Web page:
plt.plot(costs)
plt.ylabel("Mean Squared Error")
plt.xlabel("Epoch");
```

Let’s try to expand this to the multivariable case, where $x \in \mathbb{R}^n$,$w \in \mathbb{R}^{n \times m}$, and where $y$ is modelled with gaussian noise as

```
m = 8
n = 5
NUM_EXAMPLES = 100
W = np.random.rand(n,m)
trX = np.random.rand(100,n)
trY = X.dot(W) + np.random.randn(NUM_EXAMPLES,m)
trX.shape, trY.shape
```

```
((100, 5), (100, 8))
```

We again define our `x`

and `y`

placeholder inputs similarly; however, this time we explicitly add a shape parameter to the data. The first `None`

is the dimension of the batch-size (variable), and the second number our actual dimension.

```
x = tf.placeholder("float",shape=[None, n])
y = tf.placeholder("float",shape=[None, m])
w = tf.Variable(tf.zeros([n,m]))
y_hat = tf.matmul(x,w)
```

The rest remains the same

```
cost = tf.reduce_mean(tf.square(y - y_hat))
train_operation = tf.train.GradientDescentOptimizer(.01).minimize(cost)
```

```
numEpochs = 1000
costs = []
with tf.Session() as sess:
tf.initialize_all_variables().run()
for i in range(numEpochs):
sess.run(train_operation,feed_dict={x:trX,y: trY})
costs.append(sess.run(cost,feed_dict={x:trX,y: trY}))
print("Final Error is %f"%costs[-1])
```

```
Final Error is 1.073464
```

```
plt.plot(costs)
plt.ylabel("Mean Squared Error")
plt.xlabel("Epoch");
```

We shall use the MNIST dataset for this example. Conveniently, Tensorflow has a library to read the MNIST files

```
from tensorflow.examples.tutorials.mnist import input_data
mnist = input_data.read_data_sets("MNIST/",one_hot=True)
trX, trY = mnist.train.images, mnist.train.labels
teX, teY = mnist.test.images, mnist.test.labels
```

Recall in logistic regression that we model the *logit* as a linear transformation of $x$, and perform MLE over $W$. Notice the MLE likelihood function is simply just the cross entropy on the logit of the linear model. Using this philosophy, we express our logistic model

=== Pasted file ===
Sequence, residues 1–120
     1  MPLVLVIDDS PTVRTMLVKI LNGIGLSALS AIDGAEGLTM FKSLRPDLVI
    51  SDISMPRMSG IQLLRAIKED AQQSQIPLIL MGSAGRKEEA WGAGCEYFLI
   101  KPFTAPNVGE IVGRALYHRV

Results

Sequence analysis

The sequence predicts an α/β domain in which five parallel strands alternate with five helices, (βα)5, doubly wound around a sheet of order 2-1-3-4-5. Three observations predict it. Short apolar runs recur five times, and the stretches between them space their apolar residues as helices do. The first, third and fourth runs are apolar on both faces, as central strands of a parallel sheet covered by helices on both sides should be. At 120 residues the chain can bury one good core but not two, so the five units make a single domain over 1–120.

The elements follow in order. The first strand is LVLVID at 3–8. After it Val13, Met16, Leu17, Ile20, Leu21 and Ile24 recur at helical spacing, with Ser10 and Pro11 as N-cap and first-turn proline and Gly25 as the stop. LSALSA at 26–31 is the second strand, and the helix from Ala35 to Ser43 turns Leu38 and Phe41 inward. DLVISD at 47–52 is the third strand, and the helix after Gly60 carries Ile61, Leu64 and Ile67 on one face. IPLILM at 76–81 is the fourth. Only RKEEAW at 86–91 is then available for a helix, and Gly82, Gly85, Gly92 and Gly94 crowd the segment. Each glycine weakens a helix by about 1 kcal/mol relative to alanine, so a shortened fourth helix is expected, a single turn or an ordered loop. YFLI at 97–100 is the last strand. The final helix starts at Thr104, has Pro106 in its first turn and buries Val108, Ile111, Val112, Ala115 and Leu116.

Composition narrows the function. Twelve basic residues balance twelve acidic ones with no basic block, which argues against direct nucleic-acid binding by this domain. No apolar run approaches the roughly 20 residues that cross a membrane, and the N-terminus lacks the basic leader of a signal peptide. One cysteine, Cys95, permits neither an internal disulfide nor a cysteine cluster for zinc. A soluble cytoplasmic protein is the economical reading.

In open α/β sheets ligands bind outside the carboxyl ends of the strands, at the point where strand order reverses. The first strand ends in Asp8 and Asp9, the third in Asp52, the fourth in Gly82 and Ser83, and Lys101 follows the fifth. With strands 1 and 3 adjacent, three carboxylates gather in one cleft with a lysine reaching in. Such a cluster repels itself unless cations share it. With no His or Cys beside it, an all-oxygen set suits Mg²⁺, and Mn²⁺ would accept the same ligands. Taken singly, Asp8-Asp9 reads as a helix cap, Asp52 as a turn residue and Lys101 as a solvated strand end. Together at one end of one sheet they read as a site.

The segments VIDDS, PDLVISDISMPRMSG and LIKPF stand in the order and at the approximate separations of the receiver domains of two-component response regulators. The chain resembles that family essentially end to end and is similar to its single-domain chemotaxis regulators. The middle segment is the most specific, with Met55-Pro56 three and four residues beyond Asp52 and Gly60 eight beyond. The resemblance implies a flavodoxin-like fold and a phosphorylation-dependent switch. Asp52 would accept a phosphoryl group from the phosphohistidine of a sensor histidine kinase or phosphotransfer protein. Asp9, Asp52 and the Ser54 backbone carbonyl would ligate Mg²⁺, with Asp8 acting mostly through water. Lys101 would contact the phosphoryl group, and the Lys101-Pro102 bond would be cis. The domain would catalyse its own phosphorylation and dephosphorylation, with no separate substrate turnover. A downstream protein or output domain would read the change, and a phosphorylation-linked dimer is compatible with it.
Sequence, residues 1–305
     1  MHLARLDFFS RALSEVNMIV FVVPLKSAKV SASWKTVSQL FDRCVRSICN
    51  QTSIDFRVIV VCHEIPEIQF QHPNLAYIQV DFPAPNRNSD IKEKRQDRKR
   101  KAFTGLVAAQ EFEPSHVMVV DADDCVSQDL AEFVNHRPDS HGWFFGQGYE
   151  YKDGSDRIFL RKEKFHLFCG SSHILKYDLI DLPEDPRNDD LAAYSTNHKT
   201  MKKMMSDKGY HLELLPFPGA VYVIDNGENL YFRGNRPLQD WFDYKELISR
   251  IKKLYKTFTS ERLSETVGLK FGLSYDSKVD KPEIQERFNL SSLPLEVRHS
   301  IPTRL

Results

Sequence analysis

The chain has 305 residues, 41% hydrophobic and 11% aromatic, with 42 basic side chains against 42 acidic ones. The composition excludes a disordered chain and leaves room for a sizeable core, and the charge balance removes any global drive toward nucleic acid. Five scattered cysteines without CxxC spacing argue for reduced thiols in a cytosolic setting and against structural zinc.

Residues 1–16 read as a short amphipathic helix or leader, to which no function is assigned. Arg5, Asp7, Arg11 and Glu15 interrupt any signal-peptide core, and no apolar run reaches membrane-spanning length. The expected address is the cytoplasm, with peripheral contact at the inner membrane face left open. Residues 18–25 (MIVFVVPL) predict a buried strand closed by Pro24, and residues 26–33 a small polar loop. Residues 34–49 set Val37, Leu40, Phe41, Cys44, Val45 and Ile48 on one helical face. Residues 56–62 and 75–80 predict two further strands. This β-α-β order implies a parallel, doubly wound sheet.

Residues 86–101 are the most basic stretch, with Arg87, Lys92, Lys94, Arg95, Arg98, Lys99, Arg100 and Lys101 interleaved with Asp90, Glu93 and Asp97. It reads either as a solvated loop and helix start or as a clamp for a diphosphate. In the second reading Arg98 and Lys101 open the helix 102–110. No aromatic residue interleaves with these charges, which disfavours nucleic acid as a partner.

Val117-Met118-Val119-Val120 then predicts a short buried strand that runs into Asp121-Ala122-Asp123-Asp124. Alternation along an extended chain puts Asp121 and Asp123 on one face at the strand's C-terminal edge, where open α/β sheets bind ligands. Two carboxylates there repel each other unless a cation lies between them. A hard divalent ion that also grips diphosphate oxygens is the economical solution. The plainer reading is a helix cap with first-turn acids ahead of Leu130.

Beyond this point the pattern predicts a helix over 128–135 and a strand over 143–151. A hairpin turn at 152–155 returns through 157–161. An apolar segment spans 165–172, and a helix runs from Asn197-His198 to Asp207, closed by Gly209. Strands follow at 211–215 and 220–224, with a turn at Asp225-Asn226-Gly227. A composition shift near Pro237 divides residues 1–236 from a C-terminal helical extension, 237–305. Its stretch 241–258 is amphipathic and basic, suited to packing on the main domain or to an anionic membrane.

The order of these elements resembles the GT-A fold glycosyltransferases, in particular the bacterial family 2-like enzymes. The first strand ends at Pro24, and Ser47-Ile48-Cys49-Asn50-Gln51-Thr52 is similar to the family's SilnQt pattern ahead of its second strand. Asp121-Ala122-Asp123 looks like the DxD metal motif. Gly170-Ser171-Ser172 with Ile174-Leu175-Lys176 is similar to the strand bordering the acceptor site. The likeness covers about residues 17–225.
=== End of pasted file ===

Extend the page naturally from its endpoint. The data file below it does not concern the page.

```
X = tf.placeholder("float",shape=[None,784])
Y = tf.placeholder("float",shape=[None,10])
w = tf.Variable(tf.random_normal([784,10], stddev=0.01))
pred_logit = tf.matmul(X,w)
```

```
sample_cost = tf.nn.softmax_cross_entropy_with_logits(pred_logit,Y)
total_cost = tf.reduce_mean(sample_cost)
train_operation = tf.train.GradientDescentOptimizer(0.05).minimize(total_cost)
predict_operation = tf.argmax(pred_logit, 1)
accuracy_operation = tf.reduce_mean(
tf.cast(tf.equal(predict_operation,tf.argmax(Y,1)),tf.float32)
)
```

Let’s train! We’ll do batch gradient descent here to speed up training times

```
NUM_EPOCHS = 30
BATCH_SIZE = 200
accuracies = []
with tf.Session() as sess:
tf.initialize_all_variables().run()
for epoch in range(NUM_EPOCHS):
for start in range(0,len(trX),BATCH_SIZE):
end = start + BATCH_SIZE
sess.run(train_operation, \
feed_dict = {X: trX[start:end],Y: trY[start:end]})
accuracies.append(sess.run(accuracy_operation,feed_dict= {X: teX,Y: teY}))
```

```
plt.plot(accuracies)
```

```
[<matplotlib.lines.Line2D at 0x7fd8dc56ce48>]
```

We shall use the *“classic”* starting neural network; which consists of the input layer, a hidden layer coupled with the *sigmoid* activation function, and finally an output layer, upon which we shall run softmax (paired with the cross-entropy loss). As in the previous example on logistic regression, the softmax won’t be directly computed, and instead implicitly factored in through the cost function. We again shall train on the **MNIST** dataset

```
NUM_HIDDEN = 620
X = tf.placeholder("float",shape=[None,784])
Y = tf.placeholder("float",shape=[None,10])
def init_weights(shape): # We define this out of convenience
return tf.Variable(tf.random_normal(shape, stddev=0.01))
W_h = init_weights([784,NUM_HIDDEN]) # Weights entering the hidden layer
W_o = init_weights([NUM_HIDDEN,10]) # Weights entering the output layer
```

```